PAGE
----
Fortunately, there’s a tax-smart solution: leave some or all of your IRA to charitable beneficiaries while leaving other assets to heirs of your choice. Leaving money directly to charities by designating them as account beneficiaries is very tax-efficient. First, it avoids estate tax, since the IRA is removed from your estate. Second, there’s no federal income tax due on IRA money. (You may get a state tax break too.) No income taxes are due when your favorite tax-exempt charities make withdrawals from the IRAs.

This strategy allows you to leave more to your favorite charities and more to your loved ones while keeping as much as possible from the IRS.

Leave Roth IRAs to your loved ones

One final word, however. This strategy generally applies to traditional IRAs. Naming a charity as the beneficiary of your Roth IRA is generally inadvisable. Leave Roth balances to your loved ones by designating them as account beneficiaries. Why? As long as your Roth IRA has been open for more than five years before withdrawals are taken, all withdrawals will be federal income tax-free since the money went in after taxes. But if you leave Roth IRA money to charity, this tax break is wasted. (Roth IRA inheritance rules differ from the rules for traditional IRAs in several key ways.)

Looking at the Big Picture

Of course, this is just part of your estate plan, and there are lots of complexities. A giving strategy that makes sense for one family may not be appropriate for another. Also, the new tax law has changed the scenario for many.  Finally, there are various limits and provisions you should be aware of before you proceed.

The bottom line? Talk to a qualified financial professional about your charitable goals and any traditional or Roth IRAs you have in order to take care of both your family and your designated nonprofits in as efficient a way as possible.

We’ve got your back on estate planning

It’s never too early to start thinking about estate planning. KRS CPAs offers unbiased financial and tax guidance to help you realize your specific goals and vision. Contact KRS managing partner Maria Rollins at [email protected] or 201.655.7411 to discuss your situation.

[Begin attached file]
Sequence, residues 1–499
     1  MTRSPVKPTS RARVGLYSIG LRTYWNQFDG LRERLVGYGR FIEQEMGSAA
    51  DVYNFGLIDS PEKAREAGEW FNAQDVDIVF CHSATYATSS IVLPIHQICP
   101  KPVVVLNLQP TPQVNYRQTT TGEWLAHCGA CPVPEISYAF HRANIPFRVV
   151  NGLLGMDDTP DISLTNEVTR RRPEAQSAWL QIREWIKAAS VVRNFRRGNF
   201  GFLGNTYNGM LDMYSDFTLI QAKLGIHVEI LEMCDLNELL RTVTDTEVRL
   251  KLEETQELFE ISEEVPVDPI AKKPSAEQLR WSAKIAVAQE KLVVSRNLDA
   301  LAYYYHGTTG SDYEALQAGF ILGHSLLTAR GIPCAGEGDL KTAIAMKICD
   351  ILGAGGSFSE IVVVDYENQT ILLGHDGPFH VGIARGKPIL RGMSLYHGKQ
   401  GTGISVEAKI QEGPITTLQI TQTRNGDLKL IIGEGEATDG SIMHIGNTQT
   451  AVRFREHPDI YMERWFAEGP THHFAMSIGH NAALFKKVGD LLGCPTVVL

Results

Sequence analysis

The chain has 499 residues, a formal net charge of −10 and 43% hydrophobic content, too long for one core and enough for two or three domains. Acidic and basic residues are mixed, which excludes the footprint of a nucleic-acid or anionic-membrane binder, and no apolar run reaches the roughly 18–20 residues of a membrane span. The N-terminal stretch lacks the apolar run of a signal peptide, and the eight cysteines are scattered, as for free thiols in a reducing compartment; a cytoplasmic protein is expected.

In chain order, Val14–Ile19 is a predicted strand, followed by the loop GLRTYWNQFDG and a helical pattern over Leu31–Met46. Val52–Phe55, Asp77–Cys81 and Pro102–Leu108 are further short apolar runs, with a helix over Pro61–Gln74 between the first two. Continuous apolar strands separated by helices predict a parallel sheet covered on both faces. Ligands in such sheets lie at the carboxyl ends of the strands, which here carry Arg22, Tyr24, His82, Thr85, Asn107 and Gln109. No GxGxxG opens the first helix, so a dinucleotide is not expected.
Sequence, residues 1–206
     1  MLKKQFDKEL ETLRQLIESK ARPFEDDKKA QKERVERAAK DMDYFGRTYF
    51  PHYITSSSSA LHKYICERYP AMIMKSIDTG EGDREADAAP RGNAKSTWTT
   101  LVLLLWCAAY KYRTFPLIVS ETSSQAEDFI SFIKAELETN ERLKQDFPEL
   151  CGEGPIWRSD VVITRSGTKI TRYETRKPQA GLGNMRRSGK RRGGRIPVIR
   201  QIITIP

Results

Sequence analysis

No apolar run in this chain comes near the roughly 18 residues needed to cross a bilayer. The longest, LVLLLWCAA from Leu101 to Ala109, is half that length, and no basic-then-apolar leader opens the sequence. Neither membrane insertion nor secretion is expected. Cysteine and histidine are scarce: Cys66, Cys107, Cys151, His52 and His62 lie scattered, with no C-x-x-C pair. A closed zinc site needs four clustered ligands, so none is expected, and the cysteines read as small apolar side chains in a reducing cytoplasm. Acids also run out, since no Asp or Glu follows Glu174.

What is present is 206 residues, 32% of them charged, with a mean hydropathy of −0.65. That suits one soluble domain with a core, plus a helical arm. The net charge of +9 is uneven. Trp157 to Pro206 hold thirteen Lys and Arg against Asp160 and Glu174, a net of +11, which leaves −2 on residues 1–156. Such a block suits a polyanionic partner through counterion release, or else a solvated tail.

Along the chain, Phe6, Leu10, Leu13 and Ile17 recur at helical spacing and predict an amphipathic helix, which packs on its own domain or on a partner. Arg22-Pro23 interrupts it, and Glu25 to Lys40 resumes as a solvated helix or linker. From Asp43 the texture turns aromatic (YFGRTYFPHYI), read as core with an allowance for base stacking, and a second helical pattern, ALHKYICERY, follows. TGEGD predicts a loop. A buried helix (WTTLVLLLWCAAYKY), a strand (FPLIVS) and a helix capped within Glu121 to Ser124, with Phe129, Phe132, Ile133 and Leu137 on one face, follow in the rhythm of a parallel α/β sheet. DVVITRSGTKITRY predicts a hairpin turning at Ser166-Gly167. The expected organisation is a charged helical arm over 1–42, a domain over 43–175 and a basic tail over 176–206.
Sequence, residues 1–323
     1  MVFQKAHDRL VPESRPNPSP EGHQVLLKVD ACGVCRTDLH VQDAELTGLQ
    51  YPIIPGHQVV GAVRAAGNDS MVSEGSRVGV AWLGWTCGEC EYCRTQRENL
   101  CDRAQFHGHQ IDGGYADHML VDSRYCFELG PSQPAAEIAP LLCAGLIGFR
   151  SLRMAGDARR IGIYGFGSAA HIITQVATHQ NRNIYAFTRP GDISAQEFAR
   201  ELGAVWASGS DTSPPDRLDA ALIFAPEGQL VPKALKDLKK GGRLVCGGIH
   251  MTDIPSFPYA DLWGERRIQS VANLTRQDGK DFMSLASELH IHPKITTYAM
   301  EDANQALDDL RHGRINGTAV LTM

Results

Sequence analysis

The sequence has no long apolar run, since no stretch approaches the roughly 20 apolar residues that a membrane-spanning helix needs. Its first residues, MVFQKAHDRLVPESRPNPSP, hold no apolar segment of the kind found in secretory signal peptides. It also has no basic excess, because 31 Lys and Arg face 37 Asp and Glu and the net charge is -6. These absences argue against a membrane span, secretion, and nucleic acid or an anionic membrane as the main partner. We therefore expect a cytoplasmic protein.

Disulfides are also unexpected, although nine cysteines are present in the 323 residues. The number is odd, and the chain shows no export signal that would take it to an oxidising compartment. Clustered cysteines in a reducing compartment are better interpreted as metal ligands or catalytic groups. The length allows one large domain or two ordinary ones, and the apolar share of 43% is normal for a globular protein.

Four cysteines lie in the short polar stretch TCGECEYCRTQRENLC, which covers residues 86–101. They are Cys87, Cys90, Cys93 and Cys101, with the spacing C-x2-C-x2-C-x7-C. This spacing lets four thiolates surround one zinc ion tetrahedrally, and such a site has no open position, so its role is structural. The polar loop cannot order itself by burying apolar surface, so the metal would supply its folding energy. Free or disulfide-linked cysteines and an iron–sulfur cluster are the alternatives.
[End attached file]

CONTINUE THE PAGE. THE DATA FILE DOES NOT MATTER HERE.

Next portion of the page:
What Is Tax-Efficient Investing?

Keep taxes in mind when investing

Tax Efficient InvestingAvoiding taxation should not be the only goal, or even the main goal, of your investment strategy.

Still, you always have to keep taxes in mind to make sure you’re not unnecessarily sending too much of your money to the government.

Managing Your Investments

Keep on top of your tax losses. No one likes to see their investments fail, but there are hidden tax savings there. Tax-harvesting strategies take advantage of losses for tax benefits when you rebalance your portfolio if you comply with IRS rules on the tax treatment of gains and losses.

Note that losses can offset up to $3,000 in taxable income in realized investment gains annually. If losses exceed deduction limits in the year they occur, you may be able to carry them forward to offset gains in future years.

Also watch out for capital gains. Securities held for more than 12 months and sold at a profit are taxed as long-term gains, with a top federal rate of 23.8%. For short-term gains, the tax rate can hit 40.8%. Timing can be everything.

Consider tax-exempt securities. Municipal bonds typically are exempt from federal taxes and may receive preferential state tax treatment. However, choose carefully before jumping into them. If you have a low tax rate in retirement, for example, it may not be necessary or even wise to concentrate so heavily on avoiding taxes.

Managing Your Taxes

Sometimes it’s better to pay taxes later rather than now. For example, 401(k)s, 403(b)s, IRAs, and tax-deferred annuities let you postpone your taxes until you are retired and thus likely in a lower bracket. Contributions you make may reduce your taxable income if you meet income eligibility requirements, and typically, investment growth is tax-deferred.

On the other side of the coin are Roth IRAs, which don’t give you an immediate tax break, since you use after-tax dollars. But this can help you later. For example, you may be in a low tax bracket now, so you put money into a Roth IRA. Investment gains are tax-deferred. When you withdraw the money, you don’t have to pay taxes at what could be a higher rate.

Reduce Taxes through Charity